7. You'll have lumpy soil from the settling. Drag it again.
8. Now you have a rich, flat patch of soil, no plants on it (dead or alive), and weed pressure isn't too bad. Your prep is done.
9. Now you can decide whether you sod or seed.
10. If you sod, then just get the sod delivered, lay it immediately (like as soon as you can, don't let it dry out), make sure you lay it like bricks and to have the edges tight together. Even a tiny gap will kill the sod at the edges. push down on the sod to make sure it's firmly in contact with the soil. Water it lightly every day until it's firmly rooted in the soil, takes a couple of weeks. For a small space this one might make the most sense.
11. If you seed, buy the nicest seed you can find. Cheap seed makes for cheap grass. Broadcast it at the new seed rates, apply a thin (like 1/4 inch MAX) amount of peat moss on top, then water it at least daily until it's ALL sprouted (call it three weeks). If it dries out, even for one day, it dies. Then back off on the watering slightly to 1x/day, then every other day, then slowly get down to 2x/week, but heavier to drive deeper roots. Mow it once it hits three inches, and mow it AT three inches. Tall grass has deeper roots, better disease resistance, less weed pressure, lower water requirements, and looks better.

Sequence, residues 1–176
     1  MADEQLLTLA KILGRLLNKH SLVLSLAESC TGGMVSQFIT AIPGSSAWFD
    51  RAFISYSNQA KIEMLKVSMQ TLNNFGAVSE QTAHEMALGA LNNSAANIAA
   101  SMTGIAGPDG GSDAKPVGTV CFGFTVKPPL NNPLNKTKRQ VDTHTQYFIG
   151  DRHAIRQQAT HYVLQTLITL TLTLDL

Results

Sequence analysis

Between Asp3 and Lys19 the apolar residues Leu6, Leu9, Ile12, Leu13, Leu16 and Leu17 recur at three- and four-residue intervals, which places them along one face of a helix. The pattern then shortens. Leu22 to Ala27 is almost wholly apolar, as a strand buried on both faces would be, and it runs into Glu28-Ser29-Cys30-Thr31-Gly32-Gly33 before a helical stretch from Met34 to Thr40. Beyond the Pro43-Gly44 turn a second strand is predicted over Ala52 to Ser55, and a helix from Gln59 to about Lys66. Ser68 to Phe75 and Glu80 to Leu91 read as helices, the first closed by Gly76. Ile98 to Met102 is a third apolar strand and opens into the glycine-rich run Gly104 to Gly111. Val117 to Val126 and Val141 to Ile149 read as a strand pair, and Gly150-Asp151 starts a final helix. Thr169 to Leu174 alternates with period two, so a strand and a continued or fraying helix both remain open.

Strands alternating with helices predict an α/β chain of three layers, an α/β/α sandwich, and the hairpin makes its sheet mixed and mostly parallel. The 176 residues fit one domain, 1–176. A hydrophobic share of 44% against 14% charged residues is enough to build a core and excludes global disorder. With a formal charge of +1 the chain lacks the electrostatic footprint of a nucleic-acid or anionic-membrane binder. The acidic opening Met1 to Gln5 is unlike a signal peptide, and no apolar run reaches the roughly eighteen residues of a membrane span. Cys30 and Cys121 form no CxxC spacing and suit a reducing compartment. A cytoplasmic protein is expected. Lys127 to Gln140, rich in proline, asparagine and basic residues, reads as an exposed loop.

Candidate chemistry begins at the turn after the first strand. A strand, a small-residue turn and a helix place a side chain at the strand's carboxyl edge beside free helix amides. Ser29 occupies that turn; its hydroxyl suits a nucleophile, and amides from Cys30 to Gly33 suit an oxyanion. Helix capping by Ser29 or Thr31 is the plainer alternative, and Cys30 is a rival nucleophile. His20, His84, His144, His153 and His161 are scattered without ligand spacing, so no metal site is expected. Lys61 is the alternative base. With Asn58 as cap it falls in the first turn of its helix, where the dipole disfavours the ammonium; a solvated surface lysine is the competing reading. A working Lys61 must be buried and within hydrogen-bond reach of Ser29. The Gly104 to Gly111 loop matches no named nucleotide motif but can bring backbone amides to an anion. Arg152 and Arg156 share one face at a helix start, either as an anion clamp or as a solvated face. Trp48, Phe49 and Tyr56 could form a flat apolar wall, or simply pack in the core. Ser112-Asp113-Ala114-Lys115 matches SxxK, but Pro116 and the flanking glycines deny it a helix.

12. Spring sodding and seeding leaves you with young grass that need a bit of protection from traffic and drought for the first season. Try to limit traffic until the grass has matured, and you'll have to baby it in the summer because it won't be able to handle dry spells.

Hope this helps. Honestly it isn't that bad, on 250sqft even the longest steps take basically no time. Your biggest issue will be keeping traffic low until the grass can handle it.
Great tutorial! Thanks!